It was a cosy Saturday night as I set to rest my head on the pillow waiting patiently to catch some sleep, then a viral photo caught my attention while surfing through the web.
Guess what? It was a bank cheque with a caption “University honours first class graduate with urgent 2k”. Really? This must have been a reward for excellence; my guess is as good as yours.
Imagine finishing top of your class after many nights of burning the candles, doing Till Day Breaks (TDB) back to back, and a lot of crash readings, graduated as a first class student but given 2k as reward for your academic performance instead of job offer. But who are we to blame? The system or the government?
Gone are the days when excellence is highly rewarded and sacrifices for hard work greatly appreciated but now is the era where entertainers earn more accolades than academics; reality Tv stars gaining momentum than first class graduands; artistes getting more recognition than geniuses in citadel of learning. What has really changed overtime?
Compensating hard work in monetary value is not as good as empowering the recipients of these award of degrees with a long lasting programme that will bring about change and development to the society at large. Would rather advocate for a system that provides automatic employment for first class graduates than an awkward system that gives meaningless cash reward with no impact.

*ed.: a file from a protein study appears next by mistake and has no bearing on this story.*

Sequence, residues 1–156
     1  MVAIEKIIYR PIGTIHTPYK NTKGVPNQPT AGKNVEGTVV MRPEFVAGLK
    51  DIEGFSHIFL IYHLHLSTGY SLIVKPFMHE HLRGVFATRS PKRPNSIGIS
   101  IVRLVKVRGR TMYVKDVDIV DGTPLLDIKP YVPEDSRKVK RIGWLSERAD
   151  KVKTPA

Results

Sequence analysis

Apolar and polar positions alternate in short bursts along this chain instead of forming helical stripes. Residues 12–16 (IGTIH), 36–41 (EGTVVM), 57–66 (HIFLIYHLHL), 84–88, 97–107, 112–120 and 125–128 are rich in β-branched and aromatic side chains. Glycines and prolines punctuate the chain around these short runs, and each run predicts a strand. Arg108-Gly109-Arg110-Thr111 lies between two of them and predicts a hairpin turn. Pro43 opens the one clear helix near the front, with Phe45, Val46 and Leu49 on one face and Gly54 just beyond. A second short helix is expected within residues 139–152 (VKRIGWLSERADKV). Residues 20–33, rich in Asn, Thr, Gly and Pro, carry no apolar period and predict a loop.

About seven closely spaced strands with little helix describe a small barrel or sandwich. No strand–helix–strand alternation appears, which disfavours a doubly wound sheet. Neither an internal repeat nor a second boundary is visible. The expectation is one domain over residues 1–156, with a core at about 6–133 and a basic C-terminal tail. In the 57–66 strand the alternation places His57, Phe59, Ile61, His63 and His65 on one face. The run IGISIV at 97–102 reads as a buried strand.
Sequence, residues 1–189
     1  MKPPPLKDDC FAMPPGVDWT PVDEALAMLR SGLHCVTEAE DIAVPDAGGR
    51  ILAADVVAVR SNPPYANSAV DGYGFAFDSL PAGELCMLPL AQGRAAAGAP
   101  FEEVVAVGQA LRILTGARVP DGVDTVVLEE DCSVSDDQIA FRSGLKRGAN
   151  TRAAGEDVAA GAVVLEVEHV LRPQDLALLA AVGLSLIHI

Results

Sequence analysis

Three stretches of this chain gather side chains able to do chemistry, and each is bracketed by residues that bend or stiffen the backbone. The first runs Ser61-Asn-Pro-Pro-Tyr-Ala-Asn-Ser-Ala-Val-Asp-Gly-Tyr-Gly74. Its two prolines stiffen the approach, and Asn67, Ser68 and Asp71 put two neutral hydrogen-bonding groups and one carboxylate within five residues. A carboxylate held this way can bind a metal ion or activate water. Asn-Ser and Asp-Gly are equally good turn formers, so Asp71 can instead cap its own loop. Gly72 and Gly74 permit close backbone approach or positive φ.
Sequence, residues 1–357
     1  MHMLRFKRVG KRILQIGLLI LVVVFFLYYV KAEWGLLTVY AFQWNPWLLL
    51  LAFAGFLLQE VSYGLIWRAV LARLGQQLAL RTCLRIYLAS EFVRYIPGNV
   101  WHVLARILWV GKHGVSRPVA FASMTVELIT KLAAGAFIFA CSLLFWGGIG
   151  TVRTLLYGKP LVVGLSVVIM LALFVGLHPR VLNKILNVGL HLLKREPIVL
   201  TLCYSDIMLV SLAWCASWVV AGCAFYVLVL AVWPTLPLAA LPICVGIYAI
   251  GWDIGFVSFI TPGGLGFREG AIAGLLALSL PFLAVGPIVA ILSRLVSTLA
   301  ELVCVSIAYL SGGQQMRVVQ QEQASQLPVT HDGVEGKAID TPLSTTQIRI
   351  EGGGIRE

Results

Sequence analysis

A responsible institution recognises smart brains by empowering them with the ingredients that they need to secure a better future, not by giving them mumbo-jumbo kind of reward which is not a felt need.
As far as Nigerians are concerned, this tradition of giving peanuts to first class graduates all in the name of empowering them should be eradicated if truly we must compete with global standards and make Nigeria a country to beat in terms of educational prowess.
We can’t afford to be encouraging this show of shame while others are creating systems that spur young people into taking necessary actions that are aimed at developing their climes.
When you have those that claimed to be leaders encouraging these kind of eye service, how are we going to improve our standard of education as time goes by.
It won’t be a surprise when passion for excellence starts going into extinction (if it hasn’t started declining already) because we fail to address some of these fundamental issues affecting our polity.
It is high time we started paying attention to those things that are sine qua non to human capital development and leave the necessary evils to where they belong. First class graduands deserve more than urgent 2k!
– Arogbonlo Israel, a journalist and good governance advocate, writes from Lagos.